"Football is a socialist sport," he explains. "Financially, some may receive more rewards than others but, from a footballing perspective, for 90 minutes, regardless of whether you are Lionel Messi or the substitute right-back for Argentina, you are all working to the same end.
"Players from other nations when they play for their country are once again a socialist entity, all pulling in the same direction," he tells me from a dressing room at Supersport's studios where he is an expert analyst on the World Cup. "The most important thing for every Brazilian player is to play for Brazil. "It doesn't matter if he plays for Milan or Manchester United. A Brazilian who puts on that yellow shirt feels the same as the man next to him in that yellow shirt. They have a humility to the shirt. It is not the same for those who wear the Three Lions."
Not everybody is going to agree with that. Though Barnes is quite close to Liverpool legend Bill Shankly's definition of socialism
“The socialism I believe in is everyone working for each other, everyone having a share of the rewards. It’s the way I see football, the way I see life".
But Barnes could claim an increasing amount of evidence from the field in South Africa too.
Nations with left-of-centre governments confirmed their dominance in Next Left's Political World Cup, converting nine places in the last sixteen to clinch a landslide with six out of eight quarter-final places. (Shouldn't 75% representation bring the right to make constitutional amendments, and introduce goalline technology).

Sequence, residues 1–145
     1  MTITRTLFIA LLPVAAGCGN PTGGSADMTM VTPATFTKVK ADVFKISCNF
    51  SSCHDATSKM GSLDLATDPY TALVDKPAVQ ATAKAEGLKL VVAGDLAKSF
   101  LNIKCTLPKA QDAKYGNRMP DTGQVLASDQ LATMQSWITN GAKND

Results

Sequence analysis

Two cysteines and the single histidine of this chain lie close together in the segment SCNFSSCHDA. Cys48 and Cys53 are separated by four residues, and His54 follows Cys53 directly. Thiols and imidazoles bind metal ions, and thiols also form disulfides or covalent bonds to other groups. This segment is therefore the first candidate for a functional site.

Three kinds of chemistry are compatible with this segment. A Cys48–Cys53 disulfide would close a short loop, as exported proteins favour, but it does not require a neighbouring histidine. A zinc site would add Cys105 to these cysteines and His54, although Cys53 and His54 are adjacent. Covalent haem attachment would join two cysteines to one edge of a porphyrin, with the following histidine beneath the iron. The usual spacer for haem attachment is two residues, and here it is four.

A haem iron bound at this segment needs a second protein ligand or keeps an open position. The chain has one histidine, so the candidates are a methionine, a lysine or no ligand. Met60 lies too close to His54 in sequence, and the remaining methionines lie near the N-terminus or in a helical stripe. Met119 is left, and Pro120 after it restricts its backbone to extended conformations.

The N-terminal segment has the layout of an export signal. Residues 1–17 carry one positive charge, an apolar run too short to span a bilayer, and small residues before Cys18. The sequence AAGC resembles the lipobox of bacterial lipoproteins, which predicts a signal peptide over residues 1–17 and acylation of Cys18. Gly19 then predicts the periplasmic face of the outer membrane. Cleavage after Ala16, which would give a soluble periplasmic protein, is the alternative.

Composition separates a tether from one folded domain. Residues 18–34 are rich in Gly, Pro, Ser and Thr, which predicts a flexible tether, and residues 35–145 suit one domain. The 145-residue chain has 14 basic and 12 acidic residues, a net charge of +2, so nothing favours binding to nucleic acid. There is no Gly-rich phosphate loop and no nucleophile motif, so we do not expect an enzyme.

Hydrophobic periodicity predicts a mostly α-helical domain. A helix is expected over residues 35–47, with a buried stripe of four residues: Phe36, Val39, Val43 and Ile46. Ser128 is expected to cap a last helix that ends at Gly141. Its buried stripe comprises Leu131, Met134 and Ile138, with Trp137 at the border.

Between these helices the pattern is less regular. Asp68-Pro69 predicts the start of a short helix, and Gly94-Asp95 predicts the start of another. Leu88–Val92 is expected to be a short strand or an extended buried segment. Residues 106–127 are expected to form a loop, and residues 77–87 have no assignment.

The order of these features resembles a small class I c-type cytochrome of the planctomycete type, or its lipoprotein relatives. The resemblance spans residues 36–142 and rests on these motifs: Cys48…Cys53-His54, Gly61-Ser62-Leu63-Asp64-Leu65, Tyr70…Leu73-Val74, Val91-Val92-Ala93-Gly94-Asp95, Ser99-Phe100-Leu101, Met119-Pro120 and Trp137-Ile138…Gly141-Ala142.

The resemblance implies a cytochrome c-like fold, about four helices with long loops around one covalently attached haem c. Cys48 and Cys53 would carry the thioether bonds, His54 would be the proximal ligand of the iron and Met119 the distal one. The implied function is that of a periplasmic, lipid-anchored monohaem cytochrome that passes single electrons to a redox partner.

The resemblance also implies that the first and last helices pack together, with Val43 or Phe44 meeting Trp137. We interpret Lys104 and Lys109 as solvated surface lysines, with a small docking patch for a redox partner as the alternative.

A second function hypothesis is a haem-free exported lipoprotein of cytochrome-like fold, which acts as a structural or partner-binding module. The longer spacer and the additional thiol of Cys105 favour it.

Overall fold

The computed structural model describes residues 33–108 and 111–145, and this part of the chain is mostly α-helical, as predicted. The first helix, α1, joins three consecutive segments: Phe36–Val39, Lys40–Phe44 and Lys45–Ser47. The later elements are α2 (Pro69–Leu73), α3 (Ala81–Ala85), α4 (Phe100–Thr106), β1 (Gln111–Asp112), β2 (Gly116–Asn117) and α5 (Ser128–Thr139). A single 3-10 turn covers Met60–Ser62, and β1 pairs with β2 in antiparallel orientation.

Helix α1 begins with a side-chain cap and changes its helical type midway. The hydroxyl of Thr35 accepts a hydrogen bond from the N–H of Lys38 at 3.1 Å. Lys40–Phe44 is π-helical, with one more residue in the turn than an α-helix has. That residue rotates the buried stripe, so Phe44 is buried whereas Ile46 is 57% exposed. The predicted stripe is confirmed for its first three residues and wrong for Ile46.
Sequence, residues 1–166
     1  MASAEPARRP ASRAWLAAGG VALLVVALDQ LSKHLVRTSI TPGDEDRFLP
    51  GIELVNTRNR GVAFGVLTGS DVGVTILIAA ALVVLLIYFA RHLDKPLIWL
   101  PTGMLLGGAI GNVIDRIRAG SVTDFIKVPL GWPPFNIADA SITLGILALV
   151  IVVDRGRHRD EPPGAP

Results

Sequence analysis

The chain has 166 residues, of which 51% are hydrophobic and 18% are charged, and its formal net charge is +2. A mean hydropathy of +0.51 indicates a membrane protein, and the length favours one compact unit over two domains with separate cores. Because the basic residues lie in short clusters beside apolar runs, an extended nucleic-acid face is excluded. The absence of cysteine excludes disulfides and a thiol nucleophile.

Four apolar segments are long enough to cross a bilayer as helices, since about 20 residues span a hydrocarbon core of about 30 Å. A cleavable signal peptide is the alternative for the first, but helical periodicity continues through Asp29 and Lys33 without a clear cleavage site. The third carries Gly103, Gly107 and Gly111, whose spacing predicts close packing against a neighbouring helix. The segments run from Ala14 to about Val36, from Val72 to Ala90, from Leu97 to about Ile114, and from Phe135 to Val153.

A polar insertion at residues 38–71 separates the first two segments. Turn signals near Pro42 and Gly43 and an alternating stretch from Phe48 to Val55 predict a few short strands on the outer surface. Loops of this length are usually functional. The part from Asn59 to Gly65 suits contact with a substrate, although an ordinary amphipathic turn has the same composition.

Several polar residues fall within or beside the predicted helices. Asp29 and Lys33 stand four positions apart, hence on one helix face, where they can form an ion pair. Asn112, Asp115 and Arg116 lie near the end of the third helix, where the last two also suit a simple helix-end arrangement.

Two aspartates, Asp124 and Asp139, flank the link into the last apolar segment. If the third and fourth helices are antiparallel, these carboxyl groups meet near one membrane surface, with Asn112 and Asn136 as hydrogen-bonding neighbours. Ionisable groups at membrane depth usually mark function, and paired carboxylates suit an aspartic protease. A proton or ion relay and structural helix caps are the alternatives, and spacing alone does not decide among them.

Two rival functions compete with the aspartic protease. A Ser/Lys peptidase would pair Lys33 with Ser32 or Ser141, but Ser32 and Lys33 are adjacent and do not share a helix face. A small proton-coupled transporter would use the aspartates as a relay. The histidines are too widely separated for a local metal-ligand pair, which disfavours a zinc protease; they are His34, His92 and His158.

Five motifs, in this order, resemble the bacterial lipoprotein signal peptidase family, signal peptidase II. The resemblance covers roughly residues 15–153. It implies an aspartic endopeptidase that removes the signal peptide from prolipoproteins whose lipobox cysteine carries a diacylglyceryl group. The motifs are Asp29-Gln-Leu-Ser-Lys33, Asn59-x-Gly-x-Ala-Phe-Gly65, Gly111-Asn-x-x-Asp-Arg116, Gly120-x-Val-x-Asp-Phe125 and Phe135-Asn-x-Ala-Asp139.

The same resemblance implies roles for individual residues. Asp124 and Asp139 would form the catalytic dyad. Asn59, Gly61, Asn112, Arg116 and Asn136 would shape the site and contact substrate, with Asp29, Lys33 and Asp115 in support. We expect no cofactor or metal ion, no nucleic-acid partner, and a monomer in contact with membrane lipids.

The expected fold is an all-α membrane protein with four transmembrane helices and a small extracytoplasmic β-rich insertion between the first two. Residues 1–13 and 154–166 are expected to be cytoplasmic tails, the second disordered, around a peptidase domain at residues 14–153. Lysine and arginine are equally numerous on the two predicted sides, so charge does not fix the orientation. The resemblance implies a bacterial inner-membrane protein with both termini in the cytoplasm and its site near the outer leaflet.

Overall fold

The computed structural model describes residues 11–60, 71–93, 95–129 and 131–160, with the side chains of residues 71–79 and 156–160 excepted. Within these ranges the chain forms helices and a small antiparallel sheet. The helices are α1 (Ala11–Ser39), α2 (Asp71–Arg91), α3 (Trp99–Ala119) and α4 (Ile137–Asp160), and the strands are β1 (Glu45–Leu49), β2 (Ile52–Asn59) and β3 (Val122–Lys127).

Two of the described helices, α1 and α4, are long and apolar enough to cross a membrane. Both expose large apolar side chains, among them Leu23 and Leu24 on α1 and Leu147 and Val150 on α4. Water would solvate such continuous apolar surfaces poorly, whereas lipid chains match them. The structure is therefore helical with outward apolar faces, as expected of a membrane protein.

In fact, the left had a perfect second round, winning all three of the left-right clashes as Uruguay beat South Korea, Argentina beat Mexico, and Brazil beat Chile.
The right's survivors - Germany and Holland - both defeated fellow centre-right nations, England and Slovakia, and must now take on Argentina and Brazil to prevent an all left-wing sweep of the semi-finals.
Meanwhile, Ghana defeated Obama's USA - who some leftists have been reluctant to embrace as now on our team - while Paraguay pipped Japan in another all-left clash, before the final tie saw Socialist Spain beat fellow leftists Portugal.
The left could perhaps stake a claim to six and a half teams if we were being greedy, though the political uncertainty in the Netherlands seems certain to outlast the football in South Africa. The Christian Democrats have indicated they will not participate in a right-of-centre government, which means that Geert Wilders is very unlikely to be part of the next Coalition. So it seems extremely likely that both Dutch Labour and the centre-right Liberals will have to be in the coalition, though who it will finally comprise still looks like anybody's guess.